May 15, 2016

STEM: The Roots of the Gender Gap

Madison Ortega

If you are a girl who is interested in science, technology, engineering, or mathematics (STEM), or if you are plainly a person that cares about the fate of Kentucky’s innovational future, there is something you must know: women have less than a 25% representation in these critical and high-paying fields. 


Women with STEM jobs actually make 33% more than comparable women with non-STEM jobs, yet only 20% of undergraduate women are pursuing a degree in engineering, tech, or science.


The problem has little, if anything, to do with capability.


A dissertation by University of Kentucky Martin School’s Khin Thazin Myint examining the relationship between gender differences and academics in Kentucky public schools found the following:


Girls performed as well as boys on measures of math ability in the 4th, 8th, and 12th grades;


In their high school career, girls were more likely to have taken geometry, algebra II, pre-calculus, biology, and chemistry than boys;


Twenty-eight percent of Kentucky school districts exhibited a large female advantage in scores in both 2007 and 2008 in at least two school levels within the districts;


On average, female students score higher on the standardized tests given in Kentucky schools than male students; and


The gap between male and female academic attainment and achievement has closed, and has reversed in many states across the country, including Kentucky.


While K-12 schools don’t seem to be showing much of a problem, the gender gap starts to become quite apparent at the postsecondary level. Despite the fact that women’s enrollment in graduate education in the United States has been greater than men’s for 30 years running, it appears that women are not choosing the highest-paying sciences like men are. According to the National Girls Collaborative Project, in 2011, just 18.2% of bachelor’s degrees in computer sciences, 19.2% in engineering, and 19.1% in physics were awarded to women.


This leads us to wonder: What might be happening to these young girls as they become older that causes such a large gender gap in STEM fields? Could it be that the gap has cultural roots?


From my individual childhood experience, I know that it is acceptable, even preferred, for a little girl to enjoy playing with Barbie Dolls and princesses. However, if you look at most marketing and the gender demographic featured in advertisements, it is not quite as acceptable for her to like toys more associated with science and engineering, such as cars and construction sets. And through my involvement with math and science, I have found that as a girl, it tends to be rather hard to be taken seriously in the STEM fields. 


From conversations with other students, I suspect such built-in biases only get worse as you go through adolescence, mainly because peer groups are afraid to question them.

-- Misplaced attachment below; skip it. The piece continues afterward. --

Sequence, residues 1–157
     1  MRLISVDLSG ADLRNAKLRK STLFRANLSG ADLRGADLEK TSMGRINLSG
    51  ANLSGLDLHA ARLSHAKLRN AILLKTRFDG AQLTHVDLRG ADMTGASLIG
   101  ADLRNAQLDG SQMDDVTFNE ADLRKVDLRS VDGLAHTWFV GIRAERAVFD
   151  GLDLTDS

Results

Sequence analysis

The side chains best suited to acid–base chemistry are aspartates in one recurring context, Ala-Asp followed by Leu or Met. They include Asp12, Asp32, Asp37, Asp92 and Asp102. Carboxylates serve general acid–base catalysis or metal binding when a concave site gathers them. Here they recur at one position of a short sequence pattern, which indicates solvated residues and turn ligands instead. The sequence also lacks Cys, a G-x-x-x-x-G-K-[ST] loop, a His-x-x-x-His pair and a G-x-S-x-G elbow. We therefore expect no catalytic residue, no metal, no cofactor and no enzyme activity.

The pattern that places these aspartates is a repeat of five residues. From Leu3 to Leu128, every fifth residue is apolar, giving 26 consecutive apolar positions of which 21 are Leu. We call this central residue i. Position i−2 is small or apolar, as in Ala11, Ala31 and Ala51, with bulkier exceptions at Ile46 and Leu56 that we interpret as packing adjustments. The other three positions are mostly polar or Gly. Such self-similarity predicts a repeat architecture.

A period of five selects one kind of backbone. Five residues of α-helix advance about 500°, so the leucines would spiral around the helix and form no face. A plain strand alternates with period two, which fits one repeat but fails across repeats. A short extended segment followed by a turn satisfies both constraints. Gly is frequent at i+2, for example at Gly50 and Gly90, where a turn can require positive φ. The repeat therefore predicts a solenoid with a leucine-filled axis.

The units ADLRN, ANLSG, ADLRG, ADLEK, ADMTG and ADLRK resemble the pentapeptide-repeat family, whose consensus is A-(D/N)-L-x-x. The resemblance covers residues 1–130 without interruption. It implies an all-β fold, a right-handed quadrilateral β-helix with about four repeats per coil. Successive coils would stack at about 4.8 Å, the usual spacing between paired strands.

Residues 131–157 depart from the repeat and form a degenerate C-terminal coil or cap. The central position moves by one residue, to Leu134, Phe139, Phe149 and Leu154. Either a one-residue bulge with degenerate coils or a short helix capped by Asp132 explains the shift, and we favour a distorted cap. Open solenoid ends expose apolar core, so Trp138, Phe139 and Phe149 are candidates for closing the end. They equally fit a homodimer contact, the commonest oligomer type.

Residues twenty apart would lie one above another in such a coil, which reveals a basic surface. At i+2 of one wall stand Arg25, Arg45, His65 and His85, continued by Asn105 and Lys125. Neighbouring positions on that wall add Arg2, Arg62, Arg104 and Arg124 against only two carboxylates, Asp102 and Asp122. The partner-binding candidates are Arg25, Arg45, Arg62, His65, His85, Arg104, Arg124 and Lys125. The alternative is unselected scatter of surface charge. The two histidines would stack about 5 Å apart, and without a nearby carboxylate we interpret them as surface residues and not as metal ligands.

Eumin Shin, an eighth grader at Rowan County Middle School who is currently taking a high school geometry class, said she remembers exactly what a boy told her when she was in sixth grade: “Women shouldn’t be in engineering because they can’t handle the dirty work.”


Evan Barker, a junior at East Carter High School, told me that when she casually mentioned to a group at lunch that she was not interested in a math or science-related field, one boy at her table responded with: “It’s a good thing since it’s a man’s field.” 


A career in STEM offers women the opportunity to shape the world and help ensure that places like Kentucky live up to their full potential in contributing to important inventions and ideas. Despite the social pressures, many of which are noticeable if you are in school yourself, we have to get more girls to envision a future in STEM that goes beyond high school graduation. In other words, we have to support students to challenge stereotypes well before they play out in career choices, and our schools must start providing a sufficient amount of opportunities for young girls interested in STEM. Kentucky’s future as a state of innovation utterly depends on it.

The Kentucky Student Voice Team is an independent, youth-led, statewide organization that supports students as research, policy, and advocacy partners to ensure Kentucky’s education system is as equitable, just, and as excellent as it can be. Until 2021, it was part of the Prichard Committee for Academic Excellence, an independent, nonpartisan, citizen-led organization working to improve education in Kentucky—early childhood through postsecondary.

Madison Ortega is an eighth grader at Rowan County Middle School in Morehead. This op-ed ran as part of a package with several other SVT op-eds in the Courier Journal.

Madison Ortega is an eighth grader at Rowan County Middle School in Morehead. This op-ed ran as part of a package with several other SVT op-eds in the Courier Journal.